Scholar & author Derek Bickerton has been nice enough to send me a copy of his latest novel (and in exchange, a copy of my Patron Saints for Postmoderns will soon be on its way to him). Bickerton is Professor Emeritus of Linguistics at the University of Hawaii, author of several widely-praised books on language, and novelist with a thing for church history. His new novel (he has written several others) is called The Desert and the City. I confess I’m still only a few pages into the book, but so far I’m enjoying the ride. And when the highly respected scholar Benedicta Ward, editor of the Penguin Classics and Cistercian Studies editions of the Sayings of the Desert Fathers, calls your desert fathers novel “charming and sensitively done,” then you’ve clearly got something.
Here’s the back cover blurb:
“It is late in the 4th century AD and Zachary, a young Greek fromm Alexandria, has decided to become a hermit. Spurned in love, he ventures to the fringe of the desert to join a colony of Christians.
“At the colony, Zachary learns from a fascinating mix of individuals who help him take his first steps on the road to spiritual perfection. But an untimely return to Alexandria to join in an attack on a pagan temple pulls him off course, and he falls victim to anger, drunkenness and lechery.
“Agonized with remorse for his sins, Zachary sets out alone into the deepest desert to wager his very life against his hope of salvation.”
The book is advertised as “volume 1 of the Commandment Trilogy.”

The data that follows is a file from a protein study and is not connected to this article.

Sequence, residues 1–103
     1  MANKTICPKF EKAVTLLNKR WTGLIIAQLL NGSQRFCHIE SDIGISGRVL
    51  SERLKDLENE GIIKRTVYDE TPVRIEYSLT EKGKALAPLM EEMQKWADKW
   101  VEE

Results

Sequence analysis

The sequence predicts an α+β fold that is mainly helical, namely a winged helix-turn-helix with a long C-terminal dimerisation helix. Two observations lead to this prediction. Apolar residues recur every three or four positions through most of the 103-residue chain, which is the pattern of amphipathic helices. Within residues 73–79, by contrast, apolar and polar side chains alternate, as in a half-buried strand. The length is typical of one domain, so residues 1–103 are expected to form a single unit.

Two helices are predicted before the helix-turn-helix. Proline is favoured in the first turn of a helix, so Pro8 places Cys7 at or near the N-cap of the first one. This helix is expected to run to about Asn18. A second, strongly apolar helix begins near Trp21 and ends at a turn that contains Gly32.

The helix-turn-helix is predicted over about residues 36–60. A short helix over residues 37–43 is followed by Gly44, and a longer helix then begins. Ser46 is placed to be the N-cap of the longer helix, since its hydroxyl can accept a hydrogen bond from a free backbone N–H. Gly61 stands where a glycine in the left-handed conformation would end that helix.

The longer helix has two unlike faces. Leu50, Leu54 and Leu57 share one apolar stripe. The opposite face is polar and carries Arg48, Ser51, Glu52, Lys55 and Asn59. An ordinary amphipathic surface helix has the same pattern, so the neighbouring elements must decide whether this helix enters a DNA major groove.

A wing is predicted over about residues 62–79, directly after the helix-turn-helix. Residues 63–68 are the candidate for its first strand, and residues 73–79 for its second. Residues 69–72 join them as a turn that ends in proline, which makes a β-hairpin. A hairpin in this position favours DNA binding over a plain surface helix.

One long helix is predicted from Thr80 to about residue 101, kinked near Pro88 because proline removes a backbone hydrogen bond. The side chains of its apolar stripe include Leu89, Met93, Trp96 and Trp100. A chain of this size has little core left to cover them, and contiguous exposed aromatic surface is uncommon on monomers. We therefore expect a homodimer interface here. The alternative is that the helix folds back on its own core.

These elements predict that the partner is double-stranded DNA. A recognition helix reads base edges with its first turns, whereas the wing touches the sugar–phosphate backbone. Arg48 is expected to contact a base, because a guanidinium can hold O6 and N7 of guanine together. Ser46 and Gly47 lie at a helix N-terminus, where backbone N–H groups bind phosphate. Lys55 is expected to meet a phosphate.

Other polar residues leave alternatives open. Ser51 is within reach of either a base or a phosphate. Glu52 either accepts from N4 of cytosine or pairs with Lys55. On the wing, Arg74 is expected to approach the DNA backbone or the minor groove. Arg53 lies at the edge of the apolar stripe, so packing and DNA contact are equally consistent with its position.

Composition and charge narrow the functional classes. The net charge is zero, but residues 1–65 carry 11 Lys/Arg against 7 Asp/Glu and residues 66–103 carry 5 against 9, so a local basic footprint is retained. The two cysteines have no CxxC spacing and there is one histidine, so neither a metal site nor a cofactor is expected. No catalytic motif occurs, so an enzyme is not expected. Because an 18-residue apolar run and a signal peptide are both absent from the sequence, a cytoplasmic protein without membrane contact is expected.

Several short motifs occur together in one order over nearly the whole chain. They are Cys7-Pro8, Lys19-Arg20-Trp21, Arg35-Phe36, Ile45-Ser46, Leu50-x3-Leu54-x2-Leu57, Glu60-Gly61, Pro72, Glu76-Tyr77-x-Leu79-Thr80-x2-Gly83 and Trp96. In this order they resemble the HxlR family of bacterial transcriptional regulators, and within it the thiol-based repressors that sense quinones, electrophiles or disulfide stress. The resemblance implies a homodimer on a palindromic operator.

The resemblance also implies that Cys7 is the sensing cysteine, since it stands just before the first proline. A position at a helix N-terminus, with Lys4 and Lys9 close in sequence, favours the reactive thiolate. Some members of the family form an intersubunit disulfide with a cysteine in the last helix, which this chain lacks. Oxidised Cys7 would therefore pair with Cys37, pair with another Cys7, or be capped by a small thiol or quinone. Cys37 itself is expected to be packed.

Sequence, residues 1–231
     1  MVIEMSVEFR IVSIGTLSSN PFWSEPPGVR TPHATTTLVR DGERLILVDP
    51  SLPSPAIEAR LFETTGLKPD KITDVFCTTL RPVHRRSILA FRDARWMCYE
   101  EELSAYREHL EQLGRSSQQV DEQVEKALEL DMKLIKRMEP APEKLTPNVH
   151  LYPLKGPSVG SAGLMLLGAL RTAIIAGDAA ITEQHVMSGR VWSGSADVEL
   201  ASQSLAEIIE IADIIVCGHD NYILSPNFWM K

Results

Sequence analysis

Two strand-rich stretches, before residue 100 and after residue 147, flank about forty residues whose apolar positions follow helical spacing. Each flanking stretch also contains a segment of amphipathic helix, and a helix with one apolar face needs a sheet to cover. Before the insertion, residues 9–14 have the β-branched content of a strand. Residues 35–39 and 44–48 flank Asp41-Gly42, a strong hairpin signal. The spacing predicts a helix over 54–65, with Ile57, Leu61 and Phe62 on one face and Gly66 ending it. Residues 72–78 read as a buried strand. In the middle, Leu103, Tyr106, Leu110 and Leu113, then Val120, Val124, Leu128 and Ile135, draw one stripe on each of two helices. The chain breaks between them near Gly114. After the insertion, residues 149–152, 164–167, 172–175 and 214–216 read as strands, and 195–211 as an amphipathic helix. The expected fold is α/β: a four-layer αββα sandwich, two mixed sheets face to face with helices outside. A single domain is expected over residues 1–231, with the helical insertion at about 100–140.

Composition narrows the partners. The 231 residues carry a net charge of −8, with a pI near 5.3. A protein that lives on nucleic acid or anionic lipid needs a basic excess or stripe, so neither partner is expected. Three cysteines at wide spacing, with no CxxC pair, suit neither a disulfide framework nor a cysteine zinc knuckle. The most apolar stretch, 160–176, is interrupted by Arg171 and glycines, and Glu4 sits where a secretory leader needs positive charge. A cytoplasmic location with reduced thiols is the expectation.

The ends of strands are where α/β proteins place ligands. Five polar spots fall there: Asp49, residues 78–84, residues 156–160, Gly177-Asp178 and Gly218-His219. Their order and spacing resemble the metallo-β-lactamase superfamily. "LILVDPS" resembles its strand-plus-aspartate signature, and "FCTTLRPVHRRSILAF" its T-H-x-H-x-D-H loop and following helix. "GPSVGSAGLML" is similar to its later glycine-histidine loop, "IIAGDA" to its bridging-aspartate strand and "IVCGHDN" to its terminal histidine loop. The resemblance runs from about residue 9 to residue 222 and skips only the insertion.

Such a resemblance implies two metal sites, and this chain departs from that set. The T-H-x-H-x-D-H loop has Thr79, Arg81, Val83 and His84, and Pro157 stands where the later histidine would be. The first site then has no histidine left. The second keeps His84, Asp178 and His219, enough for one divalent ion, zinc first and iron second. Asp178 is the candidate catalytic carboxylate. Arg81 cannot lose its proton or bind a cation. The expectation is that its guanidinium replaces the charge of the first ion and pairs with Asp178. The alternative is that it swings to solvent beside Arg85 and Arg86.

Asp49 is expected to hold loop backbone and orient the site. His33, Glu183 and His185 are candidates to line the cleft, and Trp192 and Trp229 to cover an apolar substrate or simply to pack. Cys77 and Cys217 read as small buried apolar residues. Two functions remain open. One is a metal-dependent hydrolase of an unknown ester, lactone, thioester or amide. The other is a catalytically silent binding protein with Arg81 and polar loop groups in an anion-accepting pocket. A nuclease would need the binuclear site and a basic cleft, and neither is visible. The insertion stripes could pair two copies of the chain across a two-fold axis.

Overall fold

The writing is marked with humor, insight, and vividness. Here’s a sample, from the beginning of chapter 1:
“Before he became a hermit, Father Moses had been a bandit. Had anyone remarked on the oddity of this career change, Moses would have told them there was less difference between bandits and hermits than you might think. Both lived a hard life; both knew firsthand the pains of hunger and exposure. Both dwelt far from the civilized world and its temptations, and neither had much respect for the laws or customs of that world. Both had to take responsibility for their actions; neither could say, ‘My master commanded me to do so and so.’ You might almost say that a hermit was just a bandit purged of cruelty and greed. At least, Moses himself was living proof that a single touch of God’s unfathomable grace could turn one into the other.
“Now as the sun cleared the desert horizon, he came from his morning prayer within the cool cavern of his cell to water his herb-garden. The sand and rock underfoot still held the night’s chill, refreshing to the bare, calloused soles of his feet. Before him, glorified under the level light, the salt-white plains of Scetis stretched away to the farther escarpment. As the sun rose they would dazzle, then blind those who traversed them. But now in these first moments of day they looked like an enchanted snowfall.
“Moses picked up one of the two wooden buckets that stood outside the cave, the one with holes in it, and lowered it into his shallow, brackish well. Behind the well grew rows of bean plants, herbs, straggling gourds; to water them, all he had to do was swing the loaded bucket at the end of one long lanky arm and let the water spout out of the holes. Moses enjoyed watering his plants in the cool of the morning. There were those in Scetis who thought it wrong to take pleasure in earthly things, but Moses could never accept this. You might, indeed you had to, turn from such things to the inner life of prayer if you were ever to perfect your soul. But how could it be God’s will that you should despise His own creation?”
I’m looking forward to reading on . . .